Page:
The downside of working on an account with a fantastic creative
heritage is that you are constantly under pressure to improve on
something great. This is very much the case with Bartle Bogle Hegarty
and Levi's: demanding young denim buyers expect new ideas. In their
latest campaign, BBH and Levi's deliver.
The new campaign will support the Levi's Engineered Jeans sub-brand -
the third, and final, major campaign to do so. It's a sign that Levi's
has discarded the strategy that surrounded 501s, which saw the same
sub-brand enjoy ten years of above-the-line support. Today it's all
Kenny Wilson, Levi's European brand president, explains: "The strategy
we've laid out is continually to show innovation in our products and
advertising. By next year we won't be communicating Levi's Engineered
Jeans on TV even though it's a very successful part of our business,
accounting for about 9 per cent of our sales. By the autumn of this year
you'll see us backing another product."
Alistair Green, a board account planner at BBH, points out that Levi's
120-year history hasn't been characterised by innovation. He adds that
BBH wanted Levi's to move away from backing its 501 brand long before it
eventually did. Now it's catch-up time.
He explains why there's so much pressure to innovate: "Already the more
leading-edge people in Europe are beginning to say, 'I've done Levi's
Engineered Jeans, I like it, but what's next.' We're in a time of fast
fashion. Shops such as Zara and H&M are cranking it out constantly.
People are buying things to wear just a couple of times. The consumer
The new Levi's Engineered Jeans work certainly doesn't content itself
with being the third installment of a series. It is itself a departure
from the previous two ads, not least because of its classical music
soundtrack. Green explains: "With Levi's Engineered Jeans we started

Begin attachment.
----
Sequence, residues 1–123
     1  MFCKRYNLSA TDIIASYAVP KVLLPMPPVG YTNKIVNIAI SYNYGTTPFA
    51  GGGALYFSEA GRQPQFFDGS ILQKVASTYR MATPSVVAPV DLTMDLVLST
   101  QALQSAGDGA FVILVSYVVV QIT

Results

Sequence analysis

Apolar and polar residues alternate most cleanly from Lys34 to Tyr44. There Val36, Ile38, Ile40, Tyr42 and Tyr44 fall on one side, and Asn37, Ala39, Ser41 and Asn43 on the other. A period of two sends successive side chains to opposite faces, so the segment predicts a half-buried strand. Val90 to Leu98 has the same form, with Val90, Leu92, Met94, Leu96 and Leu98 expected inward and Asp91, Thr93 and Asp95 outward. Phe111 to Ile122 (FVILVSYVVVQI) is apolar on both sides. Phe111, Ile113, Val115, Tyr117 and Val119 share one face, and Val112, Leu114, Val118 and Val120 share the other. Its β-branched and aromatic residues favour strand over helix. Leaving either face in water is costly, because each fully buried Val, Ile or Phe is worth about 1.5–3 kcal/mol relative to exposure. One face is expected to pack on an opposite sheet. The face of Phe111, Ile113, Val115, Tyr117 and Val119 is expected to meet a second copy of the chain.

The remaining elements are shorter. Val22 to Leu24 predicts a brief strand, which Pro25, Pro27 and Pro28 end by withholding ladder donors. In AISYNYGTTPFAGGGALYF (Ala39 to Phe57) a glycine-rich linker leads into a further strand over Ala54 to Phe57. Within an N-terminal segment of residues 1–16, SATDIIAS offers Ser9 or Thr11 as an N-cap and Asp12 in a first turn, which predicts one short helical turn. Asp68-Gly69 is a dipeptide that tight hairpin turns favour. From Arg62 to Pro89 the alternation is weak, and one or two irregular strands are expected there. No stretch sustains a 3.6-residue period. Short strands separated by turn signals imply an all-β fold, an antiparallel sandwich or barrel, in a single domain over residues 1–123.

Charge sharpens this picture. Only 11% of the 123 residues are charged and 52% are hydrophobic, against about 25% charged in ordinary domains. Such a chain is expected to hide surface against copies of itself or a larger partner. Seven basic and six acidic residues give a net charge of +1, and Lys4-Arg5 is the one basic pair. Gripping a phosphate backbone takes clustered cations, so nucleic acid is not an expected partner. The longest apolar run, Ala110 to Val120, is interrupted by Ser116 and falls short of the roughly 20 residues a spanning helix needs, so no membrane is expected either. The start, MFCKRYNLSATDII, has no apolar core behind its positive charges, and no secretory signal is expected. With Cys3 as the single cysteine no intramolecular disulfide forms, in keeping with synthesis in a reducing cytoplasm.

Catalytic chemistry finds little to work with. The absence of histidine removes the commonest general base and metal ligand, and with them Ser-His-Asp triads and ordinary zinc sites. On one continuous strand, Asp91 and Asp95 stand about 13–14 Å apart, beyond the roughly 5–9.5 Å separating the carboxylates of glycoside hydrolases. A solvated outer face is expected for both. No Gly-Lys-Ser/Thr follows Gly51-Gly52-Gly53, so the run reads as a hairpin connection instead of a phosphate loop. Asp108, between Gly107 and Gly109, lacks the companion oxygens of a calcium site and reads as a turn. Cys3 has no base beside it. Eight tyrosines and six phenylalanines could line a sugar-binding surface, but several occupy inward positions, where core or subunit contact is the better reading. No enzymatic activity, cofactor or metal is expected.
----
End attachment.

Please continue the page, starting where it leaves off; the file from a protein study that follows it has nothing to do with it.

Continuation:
with something very different. We knew nobody would understand what a
twisted side seam was, so we had to show it again and again. Once people
understood that we were able to move on."
"Odyssey", shot by Academy's Jonathan Glazer, is the result. It
communicates the freedom to move in a pair of Engineered Jeans without
having to hammer home an obvious message. A young man and woman are
shown crashing repeatedly through walls, running up giant evergreen
trees and jumping into a vast night sky.
Wilson is proud of the work: "It communicates the freedom of movement of
Levi's Engineered Jeans on an emotional and rational level. It's a great
film that really delivers."
The young people are free to move because of their comfortable jeans and
because the kind of people who wear Engineered Jeans are free. Glazer
says: "I don't know what it's about. For me it's a 60-second love story.
It's very simple in one way but quite spiritual and entertaining in
Glazer, a renowned perfectionist, admits: "It came out pretty well, it
was a hard one but I liked the simplicity of it.
"When I saw the script, I knew this was worth doing, I knew it could be
very good, but I wanted to see whether the creatives would be up for
changing it into what it is now. I had a vision straight away of how it
The use of classical music, Handel's Sarabande, is a big departure for
Levi's and BBH, famous for spotting a future number-one, pounding bass
and drum track. The music was chosen by Glazer as a provisional
soundtrack to work with as the film was being developed. Glazer says: "I
didn't want to depict the pictures too literally with sound. A crash
bang wallop would be too prosaic. I wanted objectivity so I made it
delicate. What you hear doesn't reflect the images, it does the
opposite, it works against the picture and that is much more
However, he adds: "It wasn't my final choice of music. It's what I
originally cut the ad to, but there was one which was more to my taste.
It was Vivaldi, but the client and agency chose Handel in the end. The
music was a reminder of the difference between working in features and
ads. In ads, someone can take your freedom away from you and make a
choice for you."
Wilson, who was bowled over by Glazer ("he over-delivered on my
expectations"), does admit that the music is "not perfectly paced". But
he adds: "It has a raw energy that matches the energy of the spot."
The campaign doesn't break until 21 February. Levi's has released the
film to the press early as it leaked to a trade title in December.
Nevertheless, the early talk of the film will no doubt generate
The campaign was ready before Christmas because Levi's likes to work
well ahead of schedule, in part because it enables the media agency,
Starcom Motive, to see the ads before it books space for them. BBH is
currently briefing the creative for spring 2003's advertising.
"Odyssey", created by perfectionists, took three months to complete.
Wilson thinks it's better than the existing "twist" work and says: "It's
up there with the best Levi's advertising. It has potential to be as
good as 'creek' and 'launderette'."